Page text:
Despite St. Louis’ ranking, not all cities in Missouri are as retirement-friendly. In fact, Joplin (91st), Springfield (99th) and Kansas City (100th) all scored much lower.

  • % of population 65 years and over: 15%
  • Crime per 100,000 people: 8,111
  • % of households with greater than 30% of income spent on rent: 47.3%
  • Walk Score: 65.5
  • Average temperature from February 2022 to January 2023: 58.7

3. Champaign, Illinois

Champaign, Illinois, home of the University of Illinois, is more than a college town – it’s also a top place for retirement. With numerous sporting events, a lively arts scene and diverse living options, it offers something for every retiree.

Champaign receives positive marks for its low crime, high percentage of seniors who are up to date on preventive services and good walkability.

Champaign is one of a few cities in Illinois earning favorable marks for retirees; Bloomington is another top choice, earning the 16th spot on our list. Decatur isn’t far behind, coming in at No. 26.

  • % of population 65 years and over: 11.4%
  • Total crime per 100,000 people: 3,408
  • % of households with greater than 30% of income spent on rent: 52%
  • Walk Score: 49.8
  • Average temperature from February 2022 to January 2023: 52.4

4. Des Moines, Iowa

Des Moines is the capital of Iowa and is also its biggest city by population. Des Moines has quite a bit to offer residents of the Hawkeye State, from arts and agriculture to state fairs and walkable neighborhoods.

The capital snags a top spot on our list of top cities for retirement for various reasons, but of the top five, it has the lowest cost of living, making it easier to stretch your dollars.

Des Moines isn’t the only city in Iowa worth considering for retirement. The state boasts another five cities in the top 30 on our list, including Waterloo (13th), Iowa City (14th), Sioux City (15th), Cedar Rapids (17th) and Dubuque (28th).

  • % of population 65 years and over: 13%
  • Total crime per 100,000 people: 4,803
  • % of households with greater than 30% of income spent on rent: 47.3%
  • Walk Score: 44.9
  • Average temperature from February 2022 to January 2023: 51.1

5. El Paso, Texas

El Paso has a lot to offer retirees, including a low cost of living and low crime. The city doesn’t have as large of a population over 65, as much access to parks or as high of a community well-being score compared with other top options. It does, however, have the highest average temperature among the top five.

El Paso is one of several cities in Texas making an appearance on our list. McAllen (sixth), Corpus Christi (19th) and Houston (24th) all land near the top, too.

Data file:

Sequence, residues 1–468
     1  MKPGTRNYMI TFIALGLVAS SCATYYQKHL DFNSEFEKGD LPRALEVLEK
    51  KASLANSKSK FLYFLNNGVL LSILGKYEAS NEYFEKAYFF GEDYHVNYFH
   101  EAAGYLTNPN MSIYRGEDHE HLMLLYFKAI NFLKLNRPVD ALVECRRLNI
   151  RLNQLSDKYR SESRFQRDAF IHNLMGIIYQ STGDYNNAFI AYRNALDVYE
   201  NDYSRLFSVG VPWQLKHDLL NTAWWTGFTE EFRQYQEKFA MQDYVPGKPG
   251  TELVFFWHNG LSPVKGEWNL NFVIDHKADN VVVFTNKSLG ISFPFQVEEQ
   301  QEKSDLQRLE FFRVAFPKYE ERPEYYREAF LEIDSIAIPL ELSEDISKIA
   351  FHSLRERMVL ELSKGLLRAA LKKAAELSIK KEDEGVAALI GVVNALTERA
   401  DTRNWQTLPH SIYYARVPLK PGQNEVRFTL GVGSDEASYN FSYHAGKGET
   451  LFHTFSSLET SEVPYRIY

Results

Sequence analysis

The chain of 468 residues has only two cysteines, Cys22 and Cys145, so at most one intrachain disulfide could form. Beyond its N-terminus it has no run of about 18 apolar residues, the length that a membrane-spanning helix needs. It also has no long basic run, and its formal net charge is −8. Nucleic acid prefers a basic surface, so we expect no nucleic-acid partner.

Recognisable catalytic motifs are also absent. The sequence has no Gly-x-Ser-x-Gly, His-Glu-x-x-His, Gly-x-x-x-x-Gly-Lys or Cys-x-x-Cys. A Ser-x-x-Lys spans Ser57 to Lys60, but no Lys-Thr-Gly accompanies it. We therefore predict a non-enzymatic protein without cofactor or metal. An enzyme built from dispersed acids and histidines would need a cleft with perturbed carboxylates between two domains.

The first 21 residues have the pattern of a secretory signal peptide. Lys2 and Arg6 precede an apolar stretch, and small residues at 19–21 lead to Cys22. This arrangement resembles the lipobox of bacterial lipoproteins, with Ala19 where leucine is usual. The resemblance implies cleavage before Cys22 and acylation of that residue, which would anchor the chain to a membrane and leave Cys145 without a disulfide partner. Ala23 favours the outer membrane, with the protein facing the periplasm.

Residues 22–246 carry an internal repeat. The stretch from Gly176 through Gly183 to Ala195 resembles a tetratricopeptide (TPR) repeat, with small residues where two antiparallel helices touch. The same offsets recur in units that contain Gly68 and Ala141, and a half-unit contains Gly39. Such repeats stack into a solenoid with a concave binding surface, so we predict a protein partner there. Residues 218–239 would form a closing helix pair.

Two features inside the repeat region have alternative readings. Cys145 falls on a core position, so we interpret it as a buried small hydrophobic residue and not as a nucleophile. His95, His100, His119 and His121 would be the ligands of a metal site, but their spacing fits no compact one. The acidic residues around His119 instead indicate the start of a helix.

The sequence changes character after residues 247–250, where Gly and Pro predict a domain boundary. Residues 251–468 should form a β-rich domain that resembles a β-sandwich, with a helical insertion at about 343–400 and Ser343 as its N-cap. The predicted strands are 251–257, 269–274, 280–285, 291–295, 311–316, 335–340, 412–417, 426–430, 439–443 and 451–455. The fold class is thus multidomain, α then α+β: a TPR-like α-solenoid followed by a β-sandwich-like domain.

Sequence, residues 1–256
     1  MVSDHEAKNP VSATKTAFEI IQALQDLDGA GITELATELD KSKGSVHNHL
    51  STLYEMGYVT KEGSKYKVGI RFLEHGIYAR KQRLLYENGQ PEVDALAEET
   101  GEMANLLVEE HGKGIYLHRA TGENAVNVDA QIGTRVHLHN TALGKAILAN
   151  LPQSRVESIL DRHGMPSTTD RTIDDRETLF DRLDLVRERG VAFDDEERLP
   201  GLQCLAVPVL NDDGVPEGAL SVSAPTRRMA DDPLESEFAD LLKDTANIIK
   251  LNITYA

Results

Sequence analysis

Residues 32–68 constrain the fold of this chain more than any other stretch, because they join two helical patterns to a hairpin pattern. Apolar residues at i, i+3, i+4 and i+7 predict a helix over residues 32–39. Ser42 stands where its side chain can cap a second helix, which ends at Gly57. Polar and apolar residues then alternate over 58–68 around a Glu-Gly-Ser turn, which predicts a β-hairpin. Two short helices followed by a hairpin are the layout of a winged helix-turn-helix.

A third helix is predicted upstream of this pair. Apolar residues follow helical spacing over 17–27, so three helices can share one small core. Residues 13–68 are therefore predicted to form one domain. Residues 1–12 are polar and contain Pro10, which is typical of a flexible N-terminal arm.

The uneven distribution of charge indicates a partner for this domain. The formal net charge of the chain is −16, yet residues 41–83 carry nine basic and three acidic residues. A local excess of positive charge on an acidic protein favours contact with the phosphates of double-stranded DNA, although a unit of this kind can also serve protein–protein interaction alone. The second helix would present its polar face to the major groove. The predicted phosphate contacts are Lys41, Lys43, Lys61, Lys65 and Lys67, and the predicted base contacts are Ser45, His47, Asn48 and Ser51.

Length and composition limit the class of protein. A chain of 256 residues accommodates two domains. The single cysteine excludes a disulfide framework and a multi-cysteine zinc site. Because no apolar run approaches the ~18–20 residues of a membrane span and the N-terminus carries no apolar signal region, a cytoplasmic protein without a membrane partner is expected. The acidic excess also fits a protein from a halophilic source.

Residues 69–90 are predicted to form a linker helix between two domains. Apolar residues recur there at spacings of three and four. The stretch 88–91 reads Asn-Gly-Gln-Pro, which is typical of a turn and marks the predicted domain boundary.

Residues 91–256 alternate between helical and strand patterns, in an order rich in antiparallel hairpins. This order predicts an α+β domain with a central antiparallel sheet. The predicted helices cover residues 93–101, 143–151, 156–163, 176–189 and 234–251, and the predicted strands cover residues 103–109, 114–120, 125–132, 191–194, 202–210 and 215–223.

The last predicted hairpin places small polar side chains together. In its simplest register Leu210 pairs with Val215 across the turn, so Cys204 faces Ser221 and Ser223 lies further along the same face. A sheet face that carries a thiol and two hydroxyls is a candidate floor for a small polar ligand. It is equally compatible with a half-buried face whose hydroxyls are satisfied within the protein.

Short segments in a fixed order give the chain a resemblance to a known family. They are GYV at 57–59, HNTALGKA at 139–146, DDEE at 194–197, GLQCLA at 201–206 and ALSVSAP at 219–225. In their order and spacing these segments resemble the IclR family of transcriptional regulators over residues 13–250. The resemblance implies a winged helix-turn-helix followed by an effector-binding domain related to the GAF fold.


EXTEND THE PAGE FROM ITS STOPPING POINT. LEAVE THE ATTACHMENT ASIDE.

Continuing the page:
• % of population 65 years and over: 14.1%
  • Total crime per 100,000 people: 1,864
  • % of households with greater than 30% of income spent on rent: 50.1%
  • Walk Score: 40.9
  • Average temperature from February 2022 to January 2023: 66.6

Other cities worth considering for retirement

These cities might not have made it to our top five, but they deserve mention because of numerous standout qualities:

  1. McAllen, Texas: Your money goes further and there’s relatively low crime, making McAllen a strong option.
  2. Green Bay, Wisconsin: It gets cold, but the high percentage of seniors and low cost of housing are a winning combination for Green Bay as a place to retire.
  3. Jackson, Mississippi: Low cost of living, warm temperatures and a sizable population of older adults give Jackson an edge over other cities.
  4. Akron, Ohio: A larger 65-plus population, lower cost of living and higher park accessibility propel Akron toward the top of the list.
  5. Great Falls, Montana: Great Falls has the highest population of 65-and-older individuals in our top 10, plus physically active seniors and a low cost of living.

Read more: How would you describe your dream retirement?

Top 50 cities for retirement, ranked

RankCityStateRetirement score
1 Lincoln NE 35.30
2 St. Louis MO 33.95
3 Champaign IL 33.48
4 Des Moines IA 32.77
5 El Paso TX 32.70
6 McAllen TX 32.37
7 Green Bay WI 31.86
8 Jackson MS 31.45
9 Akron OH 31.33
10 Great Falls MT 30.96
11 Minneapolis MN 30.93
12 Topeka KS 30.65
13 Waterloo IA 30.28
14 Iowa City IA 30.04
15 Sioux City IA 29.95
16 Bloomington IL 29.62
17 Cedar Rapids IA 29.34
18 Charleston SC 29.33
19 Corpus Christi TX 29.32
20 Casper WY 29.23
21 Lafayette LA 29.22
22 Albuquerque NM 29.13
23 Sioux Falls SD 28.82
24 Houston TX 28.75
25 Omaha NE 28.42
26 Decatur IL 28.41
27 Kalamazoo MI 28.39
28 Dubuque IA 27.60
29 Lake Charles LA 27.52
30 Albany GA 27.44
31 Amarillo TX 27.31
32 Odessa TX 27.26
33 Davenport IA 27.14